João Lourenço announced the progress of the four projects, of which only one was started, after a meeting with the government of Cunene, a southern province heavily hit by drought, where the difficult social and economic situation in the region was presented.
The head of the executive, who began the second visit of his mandate to that province this Friday, stressed that, despite the deficiencies in areas such as health or education, the worst problem is the drought that, in a cyclical way, affects the province. and, in general, the south of Angola (provinces of Cuando Cubango, Cunene, Namibe and Huíla).
The President stressed that the drought affects people and animals, who face risk to their lives, but the solution is not to transport water in drums or food in trucks, as it will never be enough.
"The important thing is to guarantee the existence of water all year round", he stressed, noting that after the visit two years ago, the executive conceived three structural projects, of which only one (Cafu) made progress, due to the lack of financial resources, now surpassed .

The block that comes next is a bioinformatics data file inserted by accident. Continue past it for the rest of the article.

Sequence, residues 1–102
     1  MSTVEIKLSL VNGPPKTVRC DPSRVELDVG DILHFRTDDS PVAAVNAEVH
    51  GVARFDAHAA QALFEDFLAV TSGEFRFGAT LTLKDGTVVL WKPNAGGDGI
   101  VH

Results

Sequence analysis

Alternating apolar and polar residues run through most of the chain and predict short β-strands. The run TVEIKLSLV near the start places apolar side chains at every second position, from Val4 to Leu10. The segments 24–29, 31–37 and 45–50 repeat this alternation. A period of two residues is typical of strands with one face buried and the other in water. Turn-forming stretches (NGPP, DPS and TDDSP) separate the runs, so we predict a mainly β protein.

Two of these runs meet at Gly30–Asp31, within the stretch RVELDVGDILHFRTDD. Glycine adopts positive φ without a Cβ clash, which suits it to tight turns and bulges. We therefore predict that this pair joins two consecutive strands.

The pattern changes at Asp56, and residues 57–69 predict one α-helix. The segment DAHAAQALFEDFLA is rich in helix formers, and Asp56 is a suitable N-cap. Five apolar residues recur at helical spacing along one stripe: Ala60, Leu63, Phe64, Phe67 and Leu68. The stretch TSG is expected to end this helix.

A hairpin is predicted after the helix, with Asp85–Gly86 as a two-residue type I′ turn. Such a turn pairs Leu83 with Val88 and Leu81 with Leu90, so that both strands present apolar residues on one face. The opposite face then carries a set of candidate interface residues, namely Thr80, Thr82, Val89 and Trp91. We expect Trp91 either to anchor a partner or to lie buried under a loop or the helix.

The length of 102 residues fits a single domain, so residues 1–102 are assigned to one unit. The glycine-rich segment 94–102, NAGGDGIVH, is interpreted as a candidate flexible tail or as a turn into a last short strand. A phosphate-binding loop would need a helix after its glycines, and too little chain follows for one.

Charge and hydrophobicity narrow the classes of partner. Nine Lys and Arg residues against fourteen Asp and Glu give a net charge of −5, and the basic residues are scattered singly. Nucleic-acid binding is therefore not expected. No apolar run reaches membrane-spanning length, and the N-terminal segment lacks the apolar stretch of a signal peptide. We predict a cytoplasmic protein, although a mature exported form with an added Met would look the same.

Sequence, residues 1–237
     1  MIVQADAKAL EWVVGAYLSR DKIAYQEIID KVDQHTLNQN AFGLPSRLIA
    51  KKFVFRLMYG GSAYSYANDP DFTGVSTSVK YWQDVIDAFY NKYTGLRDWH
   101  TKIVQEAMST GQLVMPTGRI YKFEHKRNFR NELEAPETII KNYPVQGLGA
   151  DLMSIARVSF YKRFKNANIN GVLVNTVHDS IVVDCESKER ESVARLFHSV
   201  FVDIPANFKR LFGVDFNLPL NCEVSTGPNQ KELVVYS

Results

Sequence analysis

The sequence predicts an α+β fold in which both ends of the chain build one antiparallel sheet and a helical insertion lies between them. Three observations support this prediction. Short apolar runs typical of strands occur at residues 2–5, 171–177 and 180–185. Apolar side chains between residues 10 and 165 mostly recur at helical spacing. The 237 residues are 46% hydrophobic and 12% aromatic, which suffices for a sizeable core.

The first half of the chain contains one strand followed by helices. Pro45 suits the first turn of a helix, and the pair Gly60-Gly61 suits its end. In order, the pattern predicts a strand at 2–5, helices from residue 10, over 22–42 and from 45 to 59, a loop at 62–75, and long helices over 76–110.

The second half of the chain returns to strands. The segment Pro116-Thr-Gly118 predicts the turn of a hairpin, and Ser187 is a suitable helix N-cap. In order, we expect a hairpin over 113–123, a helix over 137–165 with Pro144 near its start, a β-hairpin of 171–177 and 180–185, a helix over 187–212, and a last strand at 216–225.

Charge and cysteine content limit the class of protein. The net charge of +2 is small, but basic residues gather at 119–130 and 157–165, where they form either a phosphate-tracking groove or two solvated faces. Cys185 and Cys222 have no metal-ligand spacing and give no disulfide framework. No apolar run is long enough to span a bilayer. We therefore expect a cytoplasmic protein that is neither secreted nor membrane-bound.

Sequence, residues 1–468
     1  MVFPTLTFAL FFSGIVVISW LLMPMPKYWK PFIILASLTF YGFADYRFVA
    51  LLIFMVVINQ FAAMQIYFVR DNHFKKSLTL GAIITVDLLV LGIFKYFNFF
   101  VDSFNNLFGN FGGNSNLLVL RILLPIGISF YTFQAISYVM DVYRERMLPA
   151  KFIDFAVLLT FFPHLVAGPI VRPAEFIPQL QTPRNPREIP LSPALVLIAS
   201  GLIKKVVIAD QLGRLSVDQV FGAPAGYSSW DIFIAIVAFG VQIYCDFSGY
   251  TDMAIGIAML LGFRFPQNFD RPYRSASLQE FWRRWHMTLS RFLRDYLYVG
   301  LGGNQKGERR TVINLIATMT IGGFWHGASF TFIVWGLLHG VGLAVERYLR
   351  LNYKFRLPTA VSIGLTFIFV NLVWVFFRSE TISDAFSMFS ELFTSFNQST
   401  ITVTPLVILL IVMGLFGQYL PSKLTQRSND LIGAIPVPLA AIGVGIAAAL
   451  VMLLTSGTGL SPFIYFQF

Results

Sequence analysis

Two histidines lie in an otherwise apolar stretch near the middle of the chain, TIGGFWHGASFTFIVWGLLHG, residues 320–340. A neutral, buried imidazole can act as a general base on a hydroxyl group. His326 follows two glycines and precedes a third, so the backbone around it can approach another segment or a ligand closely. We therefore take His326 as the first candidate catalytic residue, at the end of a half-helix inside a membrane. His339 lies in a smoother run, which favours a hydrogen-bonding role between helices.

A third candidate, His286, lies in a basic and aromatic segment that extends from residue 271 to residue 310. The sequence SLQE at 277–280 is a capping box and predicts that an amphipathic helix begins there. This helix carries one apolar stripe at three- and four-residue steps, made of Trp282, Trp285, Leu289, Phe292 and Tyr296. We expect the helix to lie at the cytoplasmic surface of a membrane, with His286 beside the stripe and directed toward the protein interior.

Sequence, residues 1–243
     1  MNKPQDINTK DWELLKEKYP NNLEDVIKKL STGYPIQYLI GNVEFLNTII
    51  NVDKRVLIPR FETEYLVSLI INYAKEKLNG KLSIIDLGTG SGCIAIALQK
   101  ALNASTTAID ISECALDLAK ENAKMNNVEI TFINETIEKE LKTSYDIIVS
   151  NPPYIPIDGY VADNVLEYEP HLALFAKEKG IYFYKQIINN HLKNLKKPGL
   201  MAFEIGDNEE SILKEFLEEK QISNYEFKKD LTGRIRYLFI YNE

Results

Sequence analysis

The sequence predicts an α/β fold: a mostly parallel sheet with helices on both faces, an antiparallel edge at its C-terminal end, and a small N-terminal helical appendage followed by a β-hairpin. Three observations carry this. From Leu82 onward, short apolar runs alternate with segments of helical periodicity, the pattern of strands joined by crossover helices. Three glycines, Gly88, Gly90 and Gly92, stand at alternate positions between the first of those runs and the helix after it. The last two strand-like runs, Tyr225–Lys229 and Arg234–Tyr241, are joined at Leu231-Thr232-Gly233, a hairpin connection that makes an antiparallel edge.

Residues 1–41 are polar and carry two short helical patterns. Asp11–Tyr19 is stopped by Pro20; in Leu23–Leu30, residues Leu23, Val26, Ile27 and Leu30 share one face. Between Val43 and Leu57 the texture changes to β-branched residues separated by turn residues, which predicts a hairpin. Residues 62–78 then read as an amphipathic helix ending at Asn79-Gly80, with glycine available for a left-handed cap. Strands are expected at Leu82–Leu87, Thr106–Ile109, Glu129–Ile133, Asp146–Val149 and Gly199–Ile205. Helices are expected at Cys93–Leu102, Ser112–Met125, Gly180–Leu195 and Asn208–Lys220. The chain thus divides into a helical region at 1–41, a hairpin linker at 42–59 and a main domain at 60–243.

According to João Lourenço, the construction of two other projects (the Calacuve and Ndué dam and canal) will start in the fourth quarter of this year.
"From October we guarantee that the machines will be on the ground to start these two projects", he stressed.
During the same period, the recovery of dikes and weirs in the Curoca region will also begin, with the rehabilitation of dams and hydraulic transfer works being planned for next year.
With the projects underway, João Lourenço believes that the "suffering" of populations and animals and the "very negative" scenario will change radically from 2023.
The governor of Cunene, Gerdina Didalelwa, took stock of the effects of the drought that currently affects 514,800 people and this year has translated into a "phenomenon of a lot of movement that has never happened" before.
Normally, according to the governor, people are assisted in their homes, but there are now around 4.00 displaced people in centers spread across all the provinces' municipalities.
In addition, more than 2000 people have fled to neighboring Namibia, most of them children between 5 and 10 years old.
So far 83,416 people have benefited, with support received from the central administration (615 tonnes of various products, especially food), the provincial government (326 tonnes of food) and social partners (196 tonnes of miscellaneous goods).